A vaccine for type 1 diabetes could be developed ‘within a generation’, according to researchers leading four new UK-based studies.
The £4.4 million Diabetes UK research project, co-funded by JDRF (£1.1m) and with support from Tesco (over £3.3m), could produce the first working vaccines within the next 10 years. As well as helping to delay or even prevent type 1 in those at high risk, these vaccines would also be an important step towards a cure for the condition, working in harmony with other treatments to reduce damage to insulin-producing cells in the pancreas.
In the first of the new studies, Professor Mark Peakman at King’s College London will lead the UK’s first ever trial of a prototype vaccine in children and teenagers living with or at high risk of type 1. Alongside him, Professor Colin Dayan at Cardiff University will develop a UK-wide network to allow more immunotherapy trials to take place in UK hospitals – and to train the young doctors and researchers who will lead them.
In addition, Professor Desmond Johnston of Imperial College London will continue work to identify people newly diagnosed with type 1 so that more people with the condition can be offered the opportunity to take part in clinical trials.
Finally, Dr Tim Tree, also at King’s College London, will set up a UK-wide network of specialist laboratories to study the impact of immunotherapy trials, investigating how different treatments work and determining if it is possible to predict who will benefit most from each treatment.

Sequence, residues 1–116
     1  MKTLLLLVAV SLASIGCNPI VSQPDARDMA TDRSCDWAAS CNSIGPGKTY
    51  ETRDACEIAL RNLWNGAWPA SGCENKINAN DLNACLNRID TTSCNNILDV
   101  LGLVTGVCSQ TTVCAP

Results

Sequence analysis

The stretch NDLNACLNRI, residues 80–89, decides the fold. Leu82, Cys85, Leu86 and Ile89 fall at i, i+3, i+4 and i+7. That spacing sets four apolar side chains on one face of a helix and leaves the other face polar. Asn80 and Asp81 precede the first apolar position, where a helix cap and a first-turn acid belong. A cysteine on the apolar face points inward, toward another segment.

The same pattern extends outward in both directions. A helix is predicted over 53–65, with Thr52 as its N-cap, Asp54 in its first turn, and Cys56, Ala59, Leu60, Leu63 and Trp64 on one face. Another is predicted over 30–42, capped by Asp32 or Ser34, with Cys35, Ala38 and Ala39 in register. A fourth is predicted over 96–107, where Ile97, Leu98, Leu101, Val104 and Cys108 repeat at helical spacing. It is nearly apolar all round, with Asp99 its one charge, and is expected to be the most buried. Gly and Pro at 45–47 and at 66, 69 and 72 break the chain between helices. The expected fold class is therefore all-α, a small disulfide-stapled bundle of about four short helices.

Professor Dayan said, “This funding has already led to a bold new collaboration between UK diabetes scientists and will provide an immense boost for this field as we work towards new clinical trials and a step change in our ability to halt the loss of insulin in type 1 diabetes. Within a year or two we will see many more children and adults taking part in this research. Within four years we expect to see results from studies of more than six potential treatments and within ten years we hope to see the first vaccine therapies delivered to patients in the clinic.”
Karen Addington, Chief Executive of JDRF, said: “We are thrilled to collaborate with Diabetes UK on this important research. A child diagnosed with type 1 diabetes at the age of five faces up to 19,000 injections and 50,000 finger pricks by the time they are 18. Our major search for a vaccine takes place within a global push, by some of the world’s very best scientists, to consign this life-threatening condition to history.”
Dr Alasdair Rankin, Diabetes UK’s Director of Research, said: “This research is hugely exciting because it has the potential to transform the lives of hundreds of thousands of people living with type 1 diabetes, as well as leading us towards a longed-for cure.
“We know that none of this will be easy or happen overnight. The first vaccines will probably help people to delay the onset of type 1 diabetes rather than preventing it entirely. But even this would help to reduce the risk of serious complications. In the longer term, a fully effective vaccine would represent a huge medical breakthrough and could transform the lives of people with type 1.”
Rebecca Shelley, Corporate Affairs Director for Tesco, said: “I would like to say a huge thank you to all the Tesco customers and colleagues who raised money for Diabetes UK – it is their hard work that has helped make this happen.”
Since JDRF was established over 40 years ago we have funded more than £1 billion of research worldwide. Find out more about the projects we fund here.